Who are patent engineers?
Patent engineers are law professionals who assist in the preparation of patent filings. Patent attorneys often have a group of Patent Engineers on staff. Many Patent Engineers have technical degrees.
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How to patent an idea, and profit from your invention
Patent an invention
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    Topic  
    Index  
   
01 Profiting from your inventions 101 (How to file a patent)
the patent process
02 What is an invention?
novelty, patentable subject matter
03 How do patents protect your rights to an invention?
rights, enforcement
04 Why use an Inventor's Logbook
why it is important to keep one
05 How to keep an Inventor's Logbook
guidelines and tips
06 Copyrights, trademarks and patents.
is one better than the other
07 What does a patent look like?
embodiments, claims etc.
08 Which countries should I file my patent in?
usually in more than one country
09 How much time and money to file in?
legal fees, time taken
10 How do I collect royalties off my patents?
enforcement
11 Search for prior art
resources and databases
12 Your responsibilities
and your attorney's responsibilities
A Case study: a patent (part 1)
a patent dissected
B Case study: a patent (part 2)
a patent dissected
C 10 Simple Inventions
used all over the world!
D Tips for Inventors
pitfalls and hints
E How to Invent
(Anyone can be an inventor!)

how to start inventing
F The patent process
the formal patent process
   
       
 
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An Example of a Patent (Part 2 of 2)

This section follows from Part 1. It refers to patent US 7,240,214 B2 which you can see by clicking here to open the patent in another window (this will launch the Google Patents page for this patent)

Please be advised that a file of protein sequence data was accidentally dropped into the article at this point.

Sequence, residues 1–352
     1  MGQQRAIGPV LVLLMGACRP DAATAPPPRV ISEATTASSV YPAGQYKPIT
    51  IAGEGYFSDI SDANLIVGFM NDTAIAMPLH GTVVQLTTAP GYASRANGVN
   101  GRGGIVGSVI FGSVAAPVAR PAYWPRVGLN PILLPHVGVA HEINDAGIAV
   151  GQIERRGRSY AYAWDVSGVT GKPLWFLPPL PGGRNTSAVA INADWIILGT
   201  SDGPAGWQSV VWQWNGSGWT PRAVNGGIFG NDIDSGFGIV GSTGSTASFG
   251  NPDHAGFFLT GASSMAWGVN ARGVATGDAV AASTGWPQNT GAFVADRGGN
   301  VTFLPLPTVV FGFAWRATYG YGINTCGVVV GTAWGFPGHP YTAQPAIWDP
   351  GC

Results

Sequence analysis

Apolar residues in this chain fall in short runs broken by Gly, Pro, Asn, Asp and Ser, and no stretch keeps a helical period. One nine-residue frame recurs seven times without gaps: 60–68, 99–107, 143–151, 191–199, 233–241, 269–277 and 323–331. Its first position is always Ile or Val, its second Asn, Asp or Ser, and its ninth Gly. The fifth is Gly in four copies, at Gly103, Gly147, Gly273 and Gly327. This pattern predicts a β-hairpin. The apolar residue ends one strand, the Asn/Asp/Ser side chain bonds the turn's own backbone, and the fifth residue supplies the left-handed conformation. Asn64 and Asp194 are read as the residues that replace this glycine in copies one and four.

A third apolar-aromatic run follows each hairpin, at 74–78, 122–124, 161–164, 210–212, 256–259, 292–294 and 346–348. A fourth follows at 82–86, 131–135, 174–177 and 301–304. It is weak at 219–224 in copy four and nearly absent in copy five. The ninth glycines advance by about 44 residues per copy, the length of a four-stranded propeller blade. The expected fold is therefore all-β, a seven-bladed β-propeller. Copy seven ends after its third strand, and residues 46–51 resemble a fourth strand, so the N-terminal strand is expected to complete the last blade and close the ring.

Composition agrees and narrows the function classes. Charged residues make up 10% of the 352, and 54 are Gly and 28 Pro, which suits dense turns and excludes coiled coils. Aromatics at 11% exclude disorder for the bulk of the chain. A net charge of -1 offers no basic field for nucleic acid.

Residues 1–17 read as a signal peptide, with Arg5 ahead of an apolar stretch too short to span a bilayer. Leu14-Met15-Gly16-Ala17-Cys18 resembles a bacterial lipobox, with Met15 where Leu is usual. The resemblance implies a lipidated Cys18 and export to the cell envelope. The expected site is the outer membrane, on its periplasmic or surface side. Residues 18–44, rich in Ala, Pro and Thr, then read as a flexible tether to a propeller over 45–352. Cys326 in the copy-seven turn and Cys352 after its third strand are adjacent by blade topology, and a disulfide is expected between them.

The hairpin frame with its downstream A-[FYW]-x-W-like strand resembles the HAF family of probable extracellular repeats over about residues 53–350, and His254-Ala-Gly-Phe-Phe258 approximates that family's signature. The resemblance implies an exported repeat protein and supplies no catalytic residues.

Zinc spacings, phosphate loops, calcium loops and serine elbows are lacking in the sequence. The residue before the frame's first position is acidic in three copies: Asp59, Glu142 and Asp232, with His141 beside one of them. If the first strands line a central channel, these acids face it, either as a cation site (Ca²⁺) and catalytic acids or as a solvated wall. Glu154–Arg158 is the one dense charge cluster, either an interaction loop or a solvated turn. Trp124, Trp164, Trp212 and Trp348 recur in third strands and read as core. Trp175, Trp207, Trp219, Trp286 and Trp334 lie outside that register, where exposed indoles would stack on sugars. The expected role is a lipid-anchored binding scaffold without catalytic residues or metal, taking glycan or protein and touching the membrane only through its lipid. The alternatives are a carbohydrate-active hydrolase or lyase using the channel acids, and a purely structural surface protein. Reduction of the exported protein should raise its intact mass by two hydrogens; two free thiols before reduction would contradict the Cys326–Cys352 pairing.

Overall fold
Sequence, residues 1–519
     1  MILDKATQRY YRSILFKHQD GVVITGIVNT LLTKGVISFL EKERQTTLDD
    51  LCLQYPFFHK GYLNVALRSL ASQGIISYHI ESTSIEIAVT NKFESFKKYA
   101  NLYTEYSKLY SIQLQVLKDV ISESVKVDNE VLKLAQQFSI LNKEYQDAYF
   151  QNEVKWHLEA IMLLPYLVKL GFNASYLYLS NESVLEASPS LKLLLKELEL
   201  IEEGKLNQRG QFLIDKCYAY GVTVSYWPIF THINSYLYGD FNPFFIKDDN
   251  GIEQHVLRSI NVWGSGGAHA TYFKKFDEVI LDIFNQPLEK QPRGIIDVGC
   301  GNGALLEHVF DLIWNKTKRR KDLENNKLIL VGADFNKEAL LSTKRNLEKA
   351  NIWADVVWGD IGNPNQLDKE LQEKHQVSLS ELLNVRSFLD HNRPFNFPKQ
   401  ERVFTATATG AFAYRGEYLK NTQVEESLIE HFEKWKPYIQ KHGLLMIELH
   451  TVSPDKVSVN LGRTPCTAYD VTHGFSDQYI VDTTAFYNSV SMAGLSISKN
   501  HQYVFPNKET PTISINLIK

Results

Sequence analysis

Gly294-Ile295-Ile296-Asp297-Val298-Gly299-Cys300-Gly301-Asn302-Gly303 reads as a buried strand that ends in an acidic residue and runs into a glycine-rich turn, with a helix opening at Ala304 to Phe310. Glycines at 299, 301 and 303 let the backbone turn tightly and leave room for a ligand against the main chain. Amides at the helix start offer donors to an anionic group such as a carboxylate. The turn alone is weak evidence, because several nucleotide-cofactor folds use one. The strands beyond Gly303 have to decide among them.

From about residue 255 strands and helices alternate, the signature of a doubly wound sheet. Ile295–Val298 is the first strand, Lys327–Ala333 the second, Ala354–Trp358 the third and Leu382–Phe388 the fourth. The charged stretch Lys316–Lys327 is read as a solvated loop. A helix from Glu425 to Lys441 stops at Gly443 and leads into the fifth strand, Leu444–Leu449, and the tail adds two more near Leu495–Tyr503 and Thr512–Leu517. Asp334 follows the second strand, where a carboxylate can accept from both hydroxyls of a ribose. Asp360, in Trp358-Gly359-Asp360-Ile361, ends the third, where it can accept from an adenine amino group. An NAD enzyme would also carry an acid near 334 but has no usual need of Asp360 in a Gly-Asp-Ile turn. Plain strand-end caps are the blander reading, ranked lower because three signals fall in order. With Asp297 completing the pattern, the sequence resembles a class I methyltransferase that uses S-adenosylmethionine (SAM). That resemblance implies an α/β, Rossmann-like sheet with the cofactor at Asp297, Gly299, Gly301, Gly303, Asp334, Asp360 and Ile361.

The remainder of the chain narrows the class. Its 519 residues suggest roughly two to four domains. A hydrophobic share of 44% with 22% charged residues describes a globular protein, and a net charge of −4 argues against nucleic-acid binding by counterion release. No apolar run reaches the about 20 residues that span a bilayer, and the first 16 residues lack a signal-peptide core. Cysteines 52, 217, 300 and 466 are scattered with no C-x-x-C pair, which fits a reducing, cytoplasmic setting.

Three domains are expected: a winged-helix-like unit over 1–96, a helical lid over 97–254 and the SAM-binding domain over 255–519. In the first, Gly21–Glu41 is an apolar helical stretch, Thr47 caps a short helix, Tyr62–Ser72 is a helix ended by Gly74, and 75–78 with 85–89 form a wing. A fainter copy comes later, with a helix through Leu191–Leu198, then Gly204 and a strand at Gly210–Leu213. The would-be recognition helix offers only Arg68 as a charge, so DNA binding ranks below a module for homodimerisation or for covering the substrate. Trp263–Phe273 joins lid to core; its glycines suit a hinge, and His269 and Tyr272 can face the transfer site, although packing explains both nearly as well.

US 7,240,214 B2
Jul 3, 2007
Centrally Controllable Instant Messaging System
Inventors: Marco Gazzetta, Los Altos, CA (US)
Warren Wan, Sunnyvale, CA (US)
Assignee: Yahoo!, Inc., Sunnyvale, CA (US)

Columns 3-16

Detailed Description of the Invention. This is where the inventors go all out to describe their invention and idea. They do this by presenting various ways which their idea can be implemented. That’s why you see the phrase “An embodiment of the present invention is an instant messaging system tailored…”. Notice the phrasing. What they are saying is that their idea is not an instant messaging system. Rather their idea is something that can be implemented as an instant messaging system. The distinction is subtle, but important. You’ll see the actual idea behind their invention later on near the end of this section, where they make their patent claims.

The bulk of the text is a blow-by-blow description of how their idea can be implemented. They make a lot of references to their diagrams to show how their invention works. Notice the numbers like 510, 512 and 520. These are numbers used to identify various items shown in the diagrams. If you look at the diagrams, you’ll see that each item there is labeled with a number. This convention makes it very easy to follow the description and ensures that there is misunderstanding. I personally use this numbering system when I prepare software architecture diagrams nowadays. It makes it much easier to discuss ideas with people over the phone or through instant messengers.